Although flying snakes don’t need much care, they’re not fit to keep as pets.

Frequently Asked Questions

Are Snakes Good Pets?

The answer to our primary question is a qualified “yes,” depending on your definition of “pet.”

Let me explain:

Snakes will not interact with you in the same way that a dog does. They’ll never fetch your slippers nor want to accompany you on a trip to the park. They won’t bond with you emotionally or become a lifelong friend in the same way canines and cats may.

In actuality, snakes are more akin to birds or fish. Some tolerate occasional interaction, making them a bit like a cockatiel or similar bird, while others would prefer if you never touched them. Such snakes are a lot like pet fish. They’re certainly interesting and rewarding animals to live alongside, but you won’t directly interact with them much.

But, snakes also exhibit a number of advantages over dogs, cats, and other traditional pets. For example, your snake will never become bored, frustrated or lonely if you don’t pay him enough attention. Your snake won’t miss you while you are gone, nor will he require a large yard – he’ll live almost entirely inside his habitat.

Snakes are also much cheaper to feed than dogs or cats of similar size are, as their cold-blooded metabolisms operate at only a fraction of the speed that a dog’s or cat’s does. And although sick or injured snakes will require veterinary care, they won’t need regular vaccinations or checkups.

So, while snakes may not be affectionate companions who become members of your family, many make very rewarding pets.

What About Those Teeth? Are Any Pet Snakes Friendly?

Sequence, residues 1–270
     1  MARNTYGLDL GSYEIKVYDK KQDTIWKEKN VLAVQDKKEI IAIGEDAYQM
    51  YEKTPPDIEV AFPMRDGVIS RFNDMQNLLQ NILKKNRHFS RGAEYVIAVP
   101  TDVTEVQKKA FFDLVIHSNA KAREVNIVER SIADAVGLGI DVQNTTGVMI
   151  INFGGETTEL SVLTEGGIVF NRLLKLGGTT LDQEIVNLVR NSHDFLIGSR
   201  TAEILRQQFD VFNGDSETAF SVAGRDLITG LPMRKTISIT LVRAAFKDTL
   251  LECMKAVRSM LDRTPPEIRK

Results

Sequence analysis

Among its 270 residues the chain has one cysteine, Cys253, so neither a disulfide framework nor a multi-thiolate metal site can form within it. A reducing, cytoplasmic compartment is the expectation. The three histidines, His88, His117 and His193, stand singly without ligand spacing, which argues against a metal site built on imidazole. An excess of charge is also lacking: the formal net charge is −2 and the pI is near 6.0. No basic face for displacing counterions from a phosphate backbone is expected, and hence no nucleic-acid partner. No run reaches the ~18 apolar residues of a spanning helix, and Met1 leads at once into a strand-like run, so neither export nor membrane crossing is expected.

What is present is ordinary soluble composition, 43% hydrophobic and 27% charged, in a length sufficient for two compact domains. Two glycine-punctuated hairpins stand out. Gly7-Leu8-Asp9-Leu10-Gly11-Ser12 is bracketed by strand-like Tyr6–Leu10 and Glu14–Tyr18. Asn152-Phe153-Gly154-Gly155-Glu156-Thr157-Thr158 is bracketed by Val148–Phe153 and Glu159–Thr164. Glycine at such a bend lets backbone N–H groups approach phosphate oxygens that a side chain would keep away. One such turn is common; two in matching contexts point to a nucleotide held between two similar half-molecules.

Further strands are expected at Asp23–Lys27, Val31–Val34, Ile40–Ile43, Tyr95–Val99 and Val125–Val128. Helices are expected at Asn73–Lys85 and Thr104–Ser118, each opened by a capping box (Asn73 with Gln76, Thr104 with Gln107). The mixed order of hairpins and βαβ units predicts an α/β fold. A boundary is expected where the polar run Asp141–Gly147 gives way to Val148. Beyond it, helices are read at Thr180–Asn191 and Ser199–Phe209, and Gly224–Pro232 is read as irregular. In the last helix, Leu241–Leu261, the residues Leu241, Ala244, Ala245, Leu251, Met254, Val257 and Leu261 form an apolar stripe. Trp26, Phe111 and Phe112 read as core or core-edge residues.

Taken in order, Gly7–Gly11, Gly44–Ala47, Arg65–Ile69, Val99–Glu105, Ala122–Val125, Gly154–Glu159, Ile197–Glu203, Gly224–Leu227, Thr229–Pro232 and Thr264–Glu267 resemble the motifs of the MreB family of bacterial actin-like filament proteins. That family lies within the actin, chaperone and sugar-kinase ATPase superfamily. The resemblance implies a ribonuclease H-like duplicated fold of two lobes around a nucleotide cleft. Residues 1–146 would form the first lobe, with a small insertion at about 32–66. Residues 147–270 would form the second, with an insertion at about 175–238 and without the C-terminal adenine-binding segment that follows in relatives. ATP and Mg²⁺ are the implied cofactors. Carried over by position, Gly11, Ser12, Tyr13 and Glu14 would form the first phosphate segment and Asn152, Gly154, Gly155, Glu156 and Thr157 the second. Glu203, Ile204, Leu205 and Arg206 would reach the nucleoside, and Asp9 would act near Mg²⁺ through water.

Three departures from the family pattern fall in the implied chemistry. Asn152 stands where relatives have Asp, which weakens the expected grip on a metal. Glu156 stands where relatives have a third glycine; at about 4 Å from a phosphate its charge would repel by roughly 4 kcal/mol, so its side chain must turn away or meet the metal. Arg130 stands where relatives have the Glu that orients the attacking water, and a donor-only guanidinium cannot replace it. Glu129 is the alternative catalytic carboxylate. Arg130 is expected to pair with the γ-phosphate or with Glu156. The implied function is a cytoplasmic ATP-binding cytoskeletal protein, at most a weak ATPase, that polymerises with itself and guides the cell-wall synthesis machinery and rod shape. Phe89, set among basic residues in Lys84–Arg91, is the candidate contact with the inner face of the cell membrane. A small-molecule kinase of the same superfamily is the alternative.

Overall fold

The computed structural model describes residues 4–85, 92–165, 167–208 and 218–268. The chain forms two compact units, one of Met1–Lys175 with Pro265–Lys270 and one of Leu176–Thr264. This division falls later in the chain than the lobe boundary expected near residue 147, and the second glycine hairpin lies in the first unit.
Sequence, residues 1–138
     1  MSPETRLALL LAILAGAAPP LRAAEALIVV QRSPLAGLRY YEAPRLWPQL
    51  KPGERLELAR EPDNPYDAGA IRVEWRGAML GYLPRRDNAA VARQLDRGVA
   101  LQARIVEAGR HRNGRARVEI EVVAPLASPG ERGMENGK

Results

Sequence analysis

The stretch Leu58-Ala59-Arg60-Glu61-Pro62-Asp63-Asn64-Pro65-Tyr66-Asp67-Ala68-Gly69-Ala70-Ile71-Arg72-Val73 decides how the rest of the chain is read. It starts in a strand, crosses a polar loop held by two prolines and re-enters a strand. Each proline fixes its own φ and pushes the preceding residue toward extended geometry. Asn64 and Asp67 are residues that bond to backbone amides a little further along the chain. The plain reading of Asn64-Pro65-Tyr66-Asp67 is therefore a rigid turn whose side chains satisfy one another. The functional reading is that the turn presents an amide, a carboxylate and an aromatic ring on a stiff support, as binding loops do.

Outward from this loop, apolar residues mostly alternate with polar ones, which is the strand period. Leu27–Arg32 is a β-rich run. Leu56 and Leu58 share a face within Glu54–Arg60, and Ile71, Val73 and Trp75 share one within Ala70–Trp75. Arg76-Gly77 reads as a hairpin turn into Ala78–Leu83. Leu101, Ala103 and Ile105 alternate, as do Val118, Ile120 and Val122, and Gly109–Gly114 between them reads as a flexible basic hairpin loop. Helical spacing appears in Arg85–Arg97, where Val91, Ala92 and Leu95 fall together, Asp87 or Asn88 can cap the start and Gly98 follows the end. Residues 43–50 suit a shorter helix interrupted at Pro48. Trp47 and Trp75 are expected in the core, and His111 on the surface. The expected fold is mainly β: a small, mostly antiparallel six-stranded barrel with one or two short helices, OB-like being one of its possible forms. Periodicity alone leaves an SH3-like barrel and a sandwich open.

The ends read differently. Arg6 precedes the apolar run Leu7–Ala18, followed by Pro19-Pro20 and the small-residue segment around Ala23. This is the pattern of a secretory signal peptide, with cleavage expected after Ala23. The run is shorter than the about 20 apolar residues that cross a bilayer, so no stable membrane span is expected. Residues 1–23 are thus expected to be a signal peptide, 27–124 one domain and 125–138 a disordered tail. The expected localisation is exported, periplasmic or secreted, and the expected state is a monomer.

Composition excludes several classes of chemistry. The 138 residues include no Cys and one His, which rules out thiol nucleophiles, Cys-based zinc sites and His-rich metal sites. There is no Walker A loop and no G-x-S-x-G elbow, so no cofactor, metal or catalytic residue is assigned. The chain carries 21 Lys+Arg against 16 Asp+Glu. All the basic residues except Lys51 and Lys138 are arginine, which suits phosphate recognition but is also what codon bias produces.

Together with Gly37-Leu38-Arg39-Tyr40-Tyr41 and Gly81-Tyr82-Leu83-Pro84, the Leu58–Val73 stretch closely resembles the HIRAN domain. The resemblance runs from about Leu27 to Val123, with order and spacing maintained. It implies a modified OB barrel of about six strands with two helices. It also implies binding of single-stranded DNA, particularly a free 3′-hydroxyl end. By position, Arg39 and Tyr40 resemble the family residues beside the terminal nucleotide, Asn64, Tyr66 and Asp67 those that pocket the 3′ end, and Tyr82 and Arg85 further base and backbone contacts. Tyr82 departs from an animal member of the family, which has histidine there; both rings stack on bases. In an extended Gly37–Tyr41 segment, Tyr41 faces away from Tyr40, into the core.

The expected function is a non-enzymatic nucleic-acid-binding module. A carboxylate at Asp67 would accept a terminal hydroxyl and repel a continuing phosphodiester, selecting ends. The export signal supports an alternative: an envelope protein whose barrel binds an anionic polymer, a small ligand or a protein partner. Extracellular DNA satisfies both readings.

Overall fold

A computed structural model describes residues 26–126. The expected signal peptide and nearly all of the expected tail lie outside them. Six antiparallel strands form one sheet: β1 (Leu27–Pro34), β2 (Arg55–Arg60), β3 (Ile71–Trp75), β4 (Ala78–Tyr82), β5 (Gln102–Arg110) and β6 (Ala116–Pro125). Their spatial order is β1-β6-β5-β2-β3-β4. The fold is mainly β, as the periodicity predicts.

One of the leading reasons that would-be snake owners are reluctant to acquire a pet snake is the fear of being bitten. This is certainly understandable, as nobody wants a pet that greets them with a mouth fall of sharp teeth and snapping jaws.

Fortunately, there are a number of snake species – including several that make good pets – which are typically regarded as docile and uninclined to bite. But, you can never guarantee that a snake won’t bite, and even the tamest individuals can have bad days.

Nevertheless, the following species are typically unlikely to react adversely to being handled:

Note that bites from small snakes (those less than about 3 feet long or so) rarely cause serious injuries. In fact, a run-in with a rose bush will cause much more pain than a small snake bite will. Most small snake bite wounds will heal in a day and require little first aid aside from a bit of warm soapy water.

Are Snakes Hard To Take Care Of?

If you want a snake as a pet, you should know that some snakes are easier to take care of than others. It all depends on what kind of snake it is and what it needs to be happy and healthy. You should do your homework and find out as much as you can about the snake you like before you bring it home.

Snakes can live for a long time, so you have to be ready to commit to them for years. You can ask the pet store staff for advice and tips on how to care for your snake, and also check out some books and websites about it.

The most important thing is to make your snake feel at home by creating a similar environment to where it comes from. Snakes live in different places in the wild, like grasslands, swamps, forests, or deserts. You have to find out what your snake prefers and provide the right temperature, humidity, and food for it.

For Example
Some snakes need a warm and moist habitat, while others need a dry and cool one. Some snakes eat rodents, while others eat insects or eggs. You have to match your snake’s diet to its natural one as much as possible.

Easiest Snakes To Take Care Of

Snakes are fascinating creatures, but they can also be intimidating and challenging to care for. Some snakes are large, aggressive, or have special dietary or environmental needs that can make them unsuitable. Luckily, there are also plenty of snakes that are easy to take care of. These snakes are usually small, docile, and have simple requirements. The leading factors which determine how easy to take care of a snake are: